Other results of the Hawaii Poll showed signs of optimism.
In the latest poll, 14 percent of Oahu registered voters said Oahu’s homeless problem has gotten better. In the July Hawaii Poll only 4 percent said the problem had gotten better.
The latest survey of registered voters also found that 64 percent say homelessness has affected the economy and discouraged visitors from returning — compared with 71 percent of residents who were surveyed in July.
Quality of life
In the latest poll, 64 percent of Oahu respondents said homelessness had reduced their own quality of life at beaches, in parks, on sidewalks and in other places where homeless people congregate, down from 70 percent in July.
But 47 percent of Oahu respondents in the December-January poll said homelessness is such a big problem that it will never be resolved — compared with 44 percent of residents who gave that answer in July.
There was no statistically significant change in attitudes toward the city’s “sit-lie ban” and other policies that prohibit homeless people from occupying city sidewalks and parks.
In January 2015 the Hawaii Poll found that 73 percent agreed with the city’s policies, compared with 76 percent in the most recent survey.
To Howard Sugai, 68, of Mililani, homelessness represents “a major concern for me, if not the No. 1 concern.”
“I’m very sympathetic to the plight because I know a lot of people that are just one paycheck from being homeless themselves,” Sugai said. “We need to find real solutions to get our homeless back into permanent housing with dignity. A lot of people are homeless because of circumstances beyond their control. They need the right mental health treatment, the right drug treatment to get permanent living quarters with dignity and honor.”
‘Always a top issue’
As city and state officials continue to tear down homeless encampments, Sugai — a retired Army lieutenant colonel — said he worries about the effects on other neighborhoods.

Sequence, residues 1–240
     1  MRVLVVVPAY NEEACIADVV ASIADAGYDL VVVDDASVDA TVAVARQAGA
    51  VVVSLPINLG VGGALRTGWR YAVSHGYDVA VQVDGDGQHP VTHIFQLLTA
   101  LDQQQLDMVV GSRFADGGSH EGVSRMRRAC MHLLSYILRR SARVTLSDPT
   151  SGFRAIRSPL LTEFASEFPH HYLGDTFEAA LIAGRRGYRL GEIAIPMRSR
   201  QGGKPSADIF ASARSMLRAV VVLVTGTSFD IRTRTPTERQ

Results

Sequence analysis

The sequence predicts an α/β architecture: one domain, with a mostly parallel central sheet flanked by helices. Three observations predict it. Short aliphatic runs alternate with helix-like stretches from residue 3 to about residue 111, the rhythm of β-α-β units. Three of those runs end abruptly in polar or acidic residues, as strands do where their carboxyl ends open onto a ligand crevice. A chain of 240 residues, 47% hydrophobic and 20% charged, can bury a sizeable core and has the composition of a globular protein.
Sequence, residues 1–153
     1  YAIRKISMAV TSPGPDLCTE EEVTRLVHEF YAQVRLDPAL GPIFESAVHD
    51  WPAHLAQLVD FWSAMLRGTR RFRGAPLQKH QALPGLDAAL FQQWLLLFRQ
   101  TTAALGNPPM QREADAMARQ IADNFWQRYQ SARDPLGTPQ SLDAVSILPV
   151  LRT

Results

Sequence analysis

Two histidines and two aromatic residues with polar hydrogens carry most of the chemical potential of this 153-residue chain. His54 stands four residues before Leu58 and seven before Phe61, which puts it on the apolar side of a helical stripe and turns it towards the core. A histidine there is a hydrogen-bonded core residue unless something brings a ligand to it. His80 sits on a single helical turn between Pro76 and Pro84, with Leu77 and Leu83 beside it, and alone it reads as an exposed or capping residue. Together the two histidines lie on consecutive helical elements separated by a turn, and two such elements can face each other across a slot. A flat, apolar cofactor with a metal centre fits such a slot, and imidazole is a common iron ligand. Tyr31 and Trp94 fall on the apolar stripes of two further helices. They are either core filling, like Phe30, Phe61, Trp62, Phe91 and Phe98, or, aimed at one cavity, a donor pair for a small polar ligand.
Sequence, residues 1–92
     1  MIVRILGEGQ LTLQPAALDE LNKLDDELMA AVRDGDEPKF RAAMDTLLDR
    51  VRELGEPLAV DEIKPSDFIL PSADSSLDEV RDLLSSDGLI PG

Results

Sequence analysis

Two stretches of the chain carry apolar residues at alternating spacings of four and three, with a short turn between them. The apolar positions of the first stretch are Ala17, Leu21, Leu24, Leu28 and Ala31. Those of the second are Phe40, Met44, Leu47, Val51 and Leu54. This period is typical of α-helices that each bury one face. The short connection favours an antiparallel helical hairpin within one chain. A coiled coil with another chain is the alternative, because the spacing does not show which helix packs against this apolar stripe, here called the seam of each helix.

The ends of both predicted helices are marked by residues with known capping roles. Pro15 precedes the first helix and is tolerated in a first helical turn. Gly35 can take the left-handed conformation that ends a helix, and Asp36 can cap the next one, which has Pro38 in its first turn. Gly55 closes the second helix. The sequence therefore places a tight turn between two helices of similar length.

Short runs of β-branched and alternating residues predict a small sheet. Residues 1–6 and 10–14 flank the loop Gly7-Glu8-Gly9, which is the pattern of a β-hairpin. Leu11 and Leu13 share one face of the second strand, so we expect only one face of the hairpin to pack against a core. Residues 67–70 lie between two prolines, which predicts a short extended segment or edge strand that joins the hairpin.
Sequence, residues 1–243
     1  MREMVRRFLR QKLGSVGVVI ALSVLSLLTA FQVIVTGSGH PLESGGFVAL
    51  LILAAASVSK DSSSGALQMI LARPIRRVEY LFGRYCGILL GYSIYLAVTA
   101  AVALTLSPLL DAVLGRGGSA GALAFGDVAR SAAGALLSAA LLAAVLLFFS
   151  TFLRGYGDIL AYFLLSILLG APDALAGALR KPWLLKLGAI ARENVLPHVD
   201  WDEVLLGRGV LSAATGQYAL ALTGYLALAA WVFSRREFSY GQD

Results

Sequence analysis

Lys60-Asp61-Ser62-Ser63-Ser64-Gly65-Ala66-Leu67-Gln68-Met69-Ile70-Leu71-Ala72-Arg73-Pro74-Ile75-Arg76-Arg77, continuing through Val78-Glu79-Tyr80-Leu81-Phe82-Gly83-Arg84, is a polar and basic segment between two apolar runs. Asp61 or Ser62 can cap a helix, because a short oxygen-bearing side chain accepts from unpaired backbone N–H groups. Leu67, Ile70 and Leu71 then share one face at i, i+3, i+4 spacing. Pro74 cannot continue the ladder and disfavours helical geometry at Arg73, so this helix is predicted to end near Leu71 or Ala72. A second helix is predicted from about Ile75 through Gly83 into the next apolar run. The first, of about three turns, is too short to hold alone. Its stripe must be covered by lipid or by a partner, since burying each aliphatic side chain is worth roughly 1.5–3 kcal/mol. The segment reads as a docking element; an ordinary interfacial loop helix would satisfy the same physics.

“Having homeless people relocate to other parts of the island reminds me of when I was in the Army and we referred to ‘mission creep’ (a gradual shift in objectives). It slowly affects other parts of our community and businesses in the form of increased crime, assaults, drug problems that are directly attributed to the homeless being relocated.”
Chad Cambra, a 30-year-old paralegal and master’s degree candidate in social work at the University of Hawaii, said homelessness on Oahu “is always going to be a top issue.”
When he was younger, Cambra said he considered Oahu’s homeless population primarily “dirty Vietnam veterans.” But as a sophomore at the University of Oregon, Cambra returned to Oahu one summer to work as a Summer Fun adviser and realized that one of his student aides was homeless.
“I didn’t realize his family lived by Lake Wilson,” Cambra said. “It was a moment when you realize that homelessness hits close to home. My mindset changed to be more sympathetic.”
Today, Cambra said, homelessness is the most important issue facing Oahu. “When you see how many people are affected,” he said, “it doesn’t seem like we’re helping them.”